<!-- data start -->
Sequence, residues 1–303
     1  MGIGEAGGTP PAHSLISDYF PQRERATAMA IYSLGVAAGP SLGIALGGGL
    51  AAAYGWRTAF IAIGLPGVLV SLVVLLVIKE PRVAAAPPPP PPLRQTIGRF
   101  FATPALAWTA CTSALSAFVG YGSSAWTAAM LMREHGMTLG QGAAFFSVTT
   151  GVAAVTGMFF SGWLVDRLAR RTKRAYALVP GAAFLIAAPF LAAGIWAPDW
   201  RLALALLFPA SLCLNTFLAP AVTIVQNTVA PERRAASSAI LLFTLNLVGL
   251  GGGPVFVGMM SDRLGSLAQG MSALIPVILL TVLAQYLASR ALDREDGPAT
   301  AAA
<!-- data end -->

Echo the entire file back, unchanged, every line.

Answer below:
Sequence, residues 1–303
     1  MGIGEAGGTP PAHSLISDYF PQRERATAMA IYSLGVAAGP SLGIALGGGL
    51  AAAYGWRTAF IAIGLPGVLV SLVVLLVIKE PRVAAAPPPP PPLRQTIGRF
   101  FATPALAWTA CTSALSAFVG YGSSAWTAAM LMREHGMTLG QGAAFFSVTT
   151  GVAAVTGMFF SGWLVDRLAR RTKRAYALVP GAAFLIAAPF LAAGIWAPDW
   201  RLALALLFPA SLCLNTFLAP AVTIVQNTVA PERRAASSAI LLFTLNLVGL
   251  GGGPVFVGMM SDRLGSLAQG MSALIPVILL TVLAQYLASR ALDREDGPAT
   301  AAA